Singh may still be able to build a case against Amazon as there are a lot of gray areas in its policies and procedures. The company does say it polices its marketplace for illegal items, but even the tightest policing will have a few holes. Even if Amazon made certain assurances about the legitimacy of the items offered by third-party sellers, it doesn't necessarily shift the liability to Amazon. Third-party sellers are bound by agreements in which they state that what they offer doesn't violate Amazon's policies, which would obviously forbid the sale of banned substances. This shifts the legal burden for any violations back on the third-party merchant.

What none of its policies do is make Amazon responsible for Singh's death. It had no duty to warn the purchaser of the negative consequences of misusing a dangerous substance, nor is it obliged to protect the public from any inherent dangers resulting from voluntary purchases. Any such warnings would be the responsibility of the manufacturer and the direct retailer. Obviously, a Thailand-based merchant selling banned items would feel little to no obligation to warn purchasers of any legal or physical problems resulting from the acquisition and use of its offerings.

Unfortunately, the desire to aim at the largest target is often present in the wake of personal tragedies. But the simple fact is that if someone is seeking cyanide (or any other substance) to facilitate a suicide attempt, they'll likely find it, even if it isn't in the first place they look (a massive online retailer).

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Filed Under: arya singh, cyanide, lawsuit, secondary liability, suicide, sujata singh, third party liability
Companies: amazon, upenn


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  • This comment has been flagged by the community. Click here to show it
    identicon
    Anonymous Coward, 11 Sep 2015 @ 12:55pm

    I wonder...

    If situations like these weigh upon the minds of women that like to lie about rape just to get back at males when they are angry?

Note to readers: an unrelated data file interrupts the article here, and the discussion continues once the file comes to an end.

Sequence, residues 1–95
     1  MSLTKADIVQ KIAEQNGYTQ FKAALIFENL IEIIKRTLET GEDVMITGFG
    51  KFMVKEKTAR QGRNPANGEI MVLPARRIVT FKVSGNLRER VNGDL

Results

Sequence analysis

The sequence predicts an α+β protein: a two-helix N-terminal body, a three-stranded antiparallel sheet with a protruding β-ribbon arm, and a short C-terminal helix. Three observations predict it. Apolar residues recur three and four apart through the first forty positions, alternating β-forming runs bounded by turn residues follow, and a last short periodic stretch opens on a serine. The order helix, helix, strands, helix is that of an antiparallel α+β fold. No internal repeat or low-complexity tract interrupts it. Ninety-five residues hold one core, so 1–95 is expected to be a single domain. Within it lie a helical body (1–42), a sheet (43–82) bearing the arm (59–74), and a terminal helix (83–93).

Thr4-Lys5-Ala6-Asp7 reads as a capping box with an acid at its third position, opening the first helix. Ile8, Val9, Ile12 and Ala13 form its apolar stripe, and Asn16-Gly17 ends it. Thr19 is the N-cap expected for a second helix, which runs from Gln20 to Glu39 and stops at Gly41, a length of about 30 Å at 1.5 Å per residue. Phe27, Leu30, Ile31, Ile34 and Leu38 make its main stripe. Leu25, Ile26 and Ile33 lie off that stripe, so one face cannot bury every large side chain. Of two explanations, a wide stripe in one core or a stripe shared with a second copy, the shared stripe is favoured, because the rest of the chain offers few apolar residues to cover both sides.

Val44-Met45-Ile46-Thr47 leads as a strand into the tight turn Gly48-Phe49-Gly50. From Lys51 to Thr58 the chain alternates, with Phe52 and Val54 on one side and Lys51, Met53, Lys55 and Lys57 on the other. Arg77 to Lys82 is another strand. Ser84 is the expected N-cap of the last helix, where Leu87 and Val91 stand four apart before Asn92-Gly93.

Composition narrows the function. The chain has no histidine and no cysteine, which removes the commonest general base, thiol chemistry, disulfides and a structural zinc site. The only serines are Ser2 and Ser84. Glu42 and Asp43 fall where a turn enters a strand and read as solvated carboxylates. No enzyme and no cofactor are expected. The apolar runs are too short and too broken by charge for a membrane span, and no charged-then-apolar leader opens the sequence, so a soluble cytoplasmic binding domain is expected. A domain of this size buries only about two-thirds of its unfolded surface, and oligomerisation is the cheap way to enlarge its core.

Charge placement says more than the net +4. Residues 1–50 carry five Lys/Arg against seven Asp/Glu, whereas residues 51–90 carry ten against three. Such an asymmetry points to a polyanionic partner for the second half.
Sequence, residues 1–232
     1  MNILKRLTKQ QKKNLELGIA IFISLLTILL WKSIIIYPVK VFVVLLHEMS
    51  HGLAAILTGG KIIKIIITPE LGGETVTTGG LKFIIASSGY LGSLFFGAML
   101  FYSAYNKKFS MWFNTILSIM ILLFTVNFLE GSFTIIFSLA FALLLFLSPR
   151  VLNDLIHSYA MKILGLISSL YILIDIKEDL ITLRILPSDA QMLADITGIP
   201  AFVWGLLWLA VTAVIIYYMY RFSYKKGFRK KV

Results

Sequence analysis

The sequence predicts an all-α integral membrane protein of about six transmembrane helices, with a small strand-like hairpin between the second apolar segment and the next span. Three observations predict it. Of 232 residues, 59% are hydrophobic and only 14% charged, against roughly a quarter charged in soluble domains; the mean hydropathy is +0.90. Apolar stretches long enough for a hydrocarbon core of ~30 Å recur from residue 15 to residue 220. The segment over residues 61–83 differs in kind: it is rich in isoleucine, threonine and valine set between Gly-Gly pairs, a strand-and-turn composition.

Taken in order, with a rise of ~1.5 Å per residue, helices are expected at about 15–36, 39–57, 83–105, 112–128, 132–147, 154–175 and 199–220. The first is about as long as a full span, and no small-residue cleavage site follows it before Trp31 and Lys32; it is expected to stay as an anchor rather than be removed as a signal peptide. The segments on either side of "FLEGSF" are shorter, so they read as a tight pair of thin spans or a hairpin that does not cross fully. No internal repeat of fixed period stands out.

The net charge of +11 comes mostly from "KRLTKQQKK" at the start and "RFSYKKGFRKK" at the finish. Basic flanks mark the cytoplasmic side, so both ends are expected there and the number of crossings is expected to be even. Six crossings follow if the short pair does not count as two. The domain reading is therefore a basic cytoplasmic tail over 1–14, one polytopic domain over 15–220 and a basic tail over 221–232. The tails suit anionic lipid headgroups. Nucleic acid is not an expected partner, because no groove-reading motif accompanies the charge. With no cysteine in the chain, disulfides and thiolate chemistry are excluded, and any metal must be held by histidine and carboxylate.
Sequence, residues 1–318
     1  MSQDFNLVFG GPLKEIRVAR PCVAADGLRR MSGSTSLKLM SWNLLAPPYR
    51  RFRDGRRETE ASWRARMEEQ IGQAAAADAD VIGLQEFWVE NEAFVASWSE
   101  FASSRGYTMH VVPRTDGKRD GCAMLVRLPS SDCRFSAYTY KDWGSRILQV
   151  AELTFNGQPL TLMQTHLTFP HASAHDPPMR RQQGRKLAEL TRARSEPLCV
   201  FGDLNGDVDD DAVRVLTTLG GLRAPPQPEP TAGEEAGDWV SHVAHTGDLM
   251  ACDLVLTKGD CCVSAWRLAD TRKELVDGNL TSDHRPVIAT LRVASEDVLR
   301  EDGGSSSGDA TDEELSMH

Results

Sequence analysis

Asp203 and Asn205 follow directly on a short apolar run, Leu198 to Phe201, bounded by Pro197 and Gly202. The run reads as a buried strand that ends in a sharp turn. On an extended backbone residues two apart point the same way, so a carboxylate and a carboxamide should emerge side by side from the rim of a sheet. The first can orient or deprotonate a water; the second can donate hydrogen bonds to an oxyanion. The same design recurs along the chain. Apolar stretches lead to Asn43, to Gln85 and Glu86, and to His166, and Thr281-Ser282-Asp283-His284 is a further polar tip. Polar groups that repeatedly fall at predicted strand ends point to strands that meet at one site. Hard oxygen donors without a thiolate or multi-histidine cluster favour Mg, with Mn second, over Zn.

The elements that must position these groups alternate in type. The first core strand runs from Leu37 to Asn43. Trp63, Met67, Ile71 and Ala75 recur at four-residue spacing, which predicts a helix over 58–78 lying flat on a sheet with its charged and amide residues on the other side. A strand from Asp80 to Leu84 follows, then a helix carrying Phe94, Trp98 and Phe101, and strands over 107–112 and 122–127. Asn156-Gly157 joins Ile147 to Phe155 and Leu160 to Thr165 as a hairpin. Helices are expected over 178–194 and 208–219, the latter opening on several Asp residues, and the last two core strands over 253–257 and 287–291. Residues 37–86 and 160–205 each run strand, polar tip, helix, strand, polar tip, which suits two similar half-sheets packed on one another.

Feminists have damaged their brand more than any other group.

    reply to this | link to this | view in chronology ]

  • identicon
    Anonymous Coward, 11 Sep 2015 @ 1:25pm

    Whats the point?

    These lawsuits will not bring her back, so how do they help solve anything other than lining someones pockets with money?

    If she was raped, she should have gone to law enforcement. Its not a schools job to punish people for rape, thats the job of the prosecuters office.

    If she could not have gotten Cyanide through Amazon, she would have just gotten something else from somewhere else to kill herself with.

    reply to this | link to this | view in chronology ]

  • identicon
    Anonymous Coward, 11 Sep 2015 @ 1:25pm

    "and said the school allowed the accused assaulter to remain in the same dormitory as Singh. The alleged assaulter wasn't punished by the school, according to the suit"

    This might come off as insensitive but, was there a restraining order? why is it the schools responsibility? if there was a restraining order call the cops if not what does the school have to do with it, its not the schools job to determine guilt and punish let the courts handle it.

    "including allegedly failing to contact Singh's mother to inform her of her daughter's deteriorating emotional state"

    How old is she? i assume at least 18 since she is in college. She is an adult why should the school tell her mother presumably against the daughters wishes.

    reply to this | link to this | view in chronology ]

    • identicon
      Anonymous Coward, 11 Sep 2015 @ 1:49pm

      Re:

      The filing gives a fairly detailed and dated progression of the University's handling of the sexual assault report, with enough investigation that they could conclude that the accusations were with merited.

      The investigations they did were certainly enough to warrant disciplinary action, and probably a push to the police.

      But doing all that investigation, with confirmed results, and then twiddling their thumbs and saying "let's do nothing" is definitely negligence.

      reply to this | link to this | view in chronology ]

  • identicon
    Anonymous Coward, 11 Sep 2015 @ 1:34pm